March 30, 2010
January 21, 2010
I’m always looking for ways to engage my students. We have been learning about the Canadian Shield in Social Studies. My student teacher has taken over the unit, but I had to suggest an activity to get the kids motivated and thinking. We backchanneled with our grade five class while they watched Survivorman.
Survivorman is a program where Les Stroud is dropped into a wilderness situation and has to survive for 7 days. I use it to teach geography is many contexts. It shows the land, Les is a fantastic wilderness photographer, and what resources are available. His arctic episode is great for my unit on the north, the swamp episode perfect for wetlands, and the Costa Rica episode is wonderful for Rainforests. He even has one where he is lost at sea that would tie into teaching about oceans. The list could go on…
The idea of backchanneling is one I’ve seen blogged about before, and I was very intrigued with how it might look with elementary aged students. The moment I showed them Today’s Meet they couldn’t wait to get started. I chose to use Today’s Meet as my backchannel tool because it is very simple, clean, and not distracting. The students focus on the message and the information being presented, not ads or flashing banners. It allows the students to enter a simple name and they are in the chat instantly. It also displays their name so I can easily track who posted what comment. Perfect!
December 13, 2009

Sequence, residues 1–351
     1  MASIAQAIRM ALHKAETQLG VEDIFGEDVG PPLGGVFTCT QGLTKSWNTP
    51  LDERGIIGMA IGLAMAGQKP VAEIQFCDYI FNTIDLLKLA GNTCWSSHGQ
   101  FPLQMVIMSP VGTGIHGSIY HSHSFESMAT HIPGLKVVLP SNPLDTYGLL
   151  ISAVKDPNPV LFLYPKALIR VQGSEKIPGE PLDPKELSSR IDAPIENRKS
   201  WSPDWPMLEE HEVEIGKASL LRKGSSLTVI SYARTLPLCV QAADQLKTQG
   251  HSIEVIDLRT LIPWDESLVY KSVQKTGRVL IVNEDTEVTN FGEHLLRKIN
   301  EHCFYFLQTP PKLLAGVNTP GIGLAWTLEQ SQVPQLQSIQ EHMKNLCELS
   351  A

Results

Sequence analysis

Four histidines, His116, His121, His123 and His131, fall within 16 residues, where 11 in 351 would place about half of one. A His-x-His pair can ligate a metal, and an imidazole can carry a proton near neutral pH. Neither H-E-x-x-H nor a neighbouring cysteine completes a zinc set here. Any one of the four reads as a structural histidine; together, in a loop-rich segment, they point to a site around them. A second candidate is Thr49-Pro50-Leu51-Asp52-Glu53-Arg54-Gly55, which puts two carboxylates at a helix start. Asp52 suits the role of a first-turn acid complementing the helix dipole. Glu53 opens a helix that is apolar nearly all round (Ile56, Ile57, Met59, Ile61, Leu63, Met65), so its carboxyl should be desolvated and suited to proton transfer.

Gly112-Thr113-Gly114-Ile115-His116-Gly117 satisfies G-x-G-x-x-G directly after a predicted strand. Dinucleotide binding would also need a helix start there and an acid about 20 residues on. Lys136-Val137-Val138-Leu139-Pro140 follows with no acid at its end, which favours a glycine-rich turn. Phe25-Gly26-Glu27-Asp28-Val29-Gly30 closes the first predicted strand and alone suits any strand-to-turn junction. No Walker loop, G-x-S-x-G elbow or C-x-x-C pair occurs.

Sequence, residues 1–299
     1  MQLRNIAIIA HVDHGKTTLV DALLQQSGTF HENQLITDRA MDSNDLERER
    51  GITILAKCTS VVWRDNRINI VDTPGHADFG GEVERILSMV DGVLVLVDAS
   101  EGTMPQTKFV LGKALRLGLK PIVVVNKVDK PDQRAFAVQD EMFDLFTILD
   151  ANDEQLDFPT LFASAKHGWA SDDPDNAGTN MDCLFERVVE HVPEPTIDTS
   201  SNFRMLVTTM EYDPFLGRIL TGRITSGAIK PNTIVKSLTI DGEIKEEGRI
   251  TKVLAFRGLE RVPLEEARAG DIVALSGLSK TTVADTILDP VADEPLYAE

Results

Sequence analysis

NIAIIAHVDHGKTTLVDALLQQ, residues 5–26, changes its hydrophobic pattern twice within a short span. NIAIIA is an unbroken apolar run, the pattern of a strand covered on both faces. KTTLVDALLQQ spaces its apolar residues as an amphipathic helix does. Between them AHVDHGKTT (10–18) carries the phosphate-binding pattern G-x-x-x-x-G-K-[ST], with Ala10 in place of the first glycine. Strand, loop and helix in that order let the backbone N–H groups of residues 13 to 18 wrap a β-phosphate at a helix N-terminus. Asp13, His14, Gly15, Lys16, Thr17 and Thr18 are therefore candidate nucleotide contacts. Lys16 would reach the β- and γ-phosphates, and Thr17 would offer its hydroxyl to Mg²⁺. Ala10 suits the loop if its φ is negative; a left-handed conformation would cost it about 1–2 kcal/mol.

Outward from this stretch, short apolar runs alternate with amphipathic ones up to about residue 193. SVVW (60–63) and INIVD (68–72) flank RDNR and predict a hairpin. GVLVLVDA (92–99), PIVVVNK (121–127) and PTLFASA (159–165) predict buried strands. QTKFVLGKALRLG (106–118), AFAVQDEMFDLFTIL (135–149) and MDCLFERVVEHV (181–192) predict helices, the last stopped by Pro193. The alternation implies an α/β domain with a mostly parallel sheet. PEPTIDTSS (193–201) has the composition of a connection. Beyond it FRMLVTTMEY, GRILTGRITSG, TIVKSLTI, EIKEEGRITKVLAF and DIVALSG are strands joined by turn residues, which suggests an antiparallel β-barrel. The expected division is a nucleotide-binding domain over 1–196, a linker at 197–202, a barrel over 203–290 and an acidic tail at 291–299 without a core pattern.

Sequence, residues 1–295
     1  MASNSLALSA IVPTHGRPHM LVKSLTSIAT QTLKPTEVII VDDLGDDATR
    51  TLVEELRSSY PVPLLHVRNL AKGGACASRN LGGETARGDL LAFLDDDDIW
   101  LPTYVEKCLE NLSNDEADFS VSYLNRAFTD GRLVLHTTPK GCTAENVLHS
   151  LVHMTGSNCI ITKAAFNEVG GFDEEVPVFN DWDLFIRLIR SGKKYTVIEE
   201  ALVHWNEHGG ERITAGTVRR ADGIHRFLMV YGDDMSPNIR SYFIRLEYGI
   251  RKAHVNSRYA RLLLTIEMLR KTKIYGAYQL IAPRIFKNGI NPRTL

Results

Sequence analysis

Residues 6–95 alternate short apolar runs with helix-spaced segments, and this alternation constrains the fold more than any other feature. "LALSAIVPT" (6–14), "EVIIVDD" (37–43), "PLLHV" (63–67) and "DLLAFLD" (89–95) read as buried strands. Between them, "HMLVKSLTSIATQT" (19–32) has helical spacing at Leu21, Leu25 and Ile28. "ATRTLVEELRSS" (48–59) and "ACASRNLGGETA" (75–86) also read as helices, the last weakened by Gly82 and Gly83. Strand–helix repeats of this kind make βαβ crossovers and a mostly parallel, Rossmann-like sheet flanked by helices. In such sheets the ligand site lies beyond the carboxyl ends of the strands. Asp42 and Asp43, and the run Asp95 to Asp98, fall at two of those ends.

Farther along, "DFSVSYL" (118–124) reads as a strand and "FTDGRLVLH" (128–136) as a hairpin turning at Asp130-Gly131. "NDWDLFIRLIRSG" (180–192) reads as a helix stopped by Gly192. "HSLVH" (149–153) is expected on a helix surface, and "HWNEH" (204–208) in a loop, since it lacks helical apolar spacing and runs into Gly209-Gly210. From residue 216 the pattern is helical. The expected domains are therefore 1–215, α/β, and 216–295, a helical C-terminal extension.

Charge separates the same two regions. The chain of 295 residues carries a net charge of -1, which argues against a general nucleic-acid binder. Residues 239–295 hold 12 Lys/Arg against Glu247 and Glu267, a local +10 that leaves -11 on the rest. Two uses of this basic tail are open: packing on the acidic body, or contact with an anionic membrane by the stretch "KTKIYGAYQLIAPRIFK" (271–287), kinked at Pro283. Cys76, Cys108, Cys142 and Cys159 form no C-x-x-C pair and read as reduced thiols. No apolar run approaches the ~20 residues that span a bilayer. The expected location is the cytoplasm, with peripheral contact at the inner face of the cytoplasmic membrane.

I’m going back (pending funding, masters program timing, and other “details”) this July for a third session.
Each year as I go I love what I do, but I see an opportunity to make a larger impact and really transform the way technology is approached in Dominica. Just trying to change the world, no big deal!
My IT Masters course this semester has been all about Professional Development. I took on the IT for Dominica project to dissect and improve as part of my studies of Instructional Technology Leadership.
I wrote two papers all about the project.
The first is a critique of my last two years in Dominica. It was hard to reflect on my own choices and mistakes, but a process necessary to move forward.
The second is a plan for the July 2010 IT for Dominica summer institute. These are my thoughts and are most likely subject to change after consultation with my yet to be named teaching partner, the head of the project, Dr. Maurice Hollingsworth, and the Ministry of Education in Dominica.
The program focuses on Web 2.0 and building a collaborative teaching and learning network in the Commonwealth of Dominica. It’s an interesting read if you interested in Web 2.0 or if you are interested in IT in the developing world.
I would love feedback and suggestions. At this point the assignment is officially submitted, but the institute is months away. There is a lot of time to make it the best it can possibly be.
There has also been quite a bit of day dreaming about hiking in the rainforest instead of hiding from the snowy Canadian winter and -35 temperatures…
November 28, 2009
I have developed a fantastic network of upper elementary educators. We VC with our classes, share ideas, and of course work on projects together.
Our latest project is the idea of Zoe Branigan-Pipe, from Hamilton, Ontario. We work together all the time. I met Nathan Toft and Jane Smith in Brazil. After the trip they met Zoe in person in Toronto and commented how much we were alike. It’s funny how people are drawn to working together.
We built a collaborative Animoto project with three other classes based around the Ben Harper song, “With My Own Two Hands”
Each class listened to the song and created visual representations of what they heard. My students loved it. They commented that the felt like listening to the song and working with the lyrics felt like looking at a poem (and light bulb moment!!). It was their idea to turn the lyrics into a wordle! We tied it in with Remembrance Day. It was a great way of starting a discussion on war, remembrance, change, and peace.
October 1, 2009
What have I done?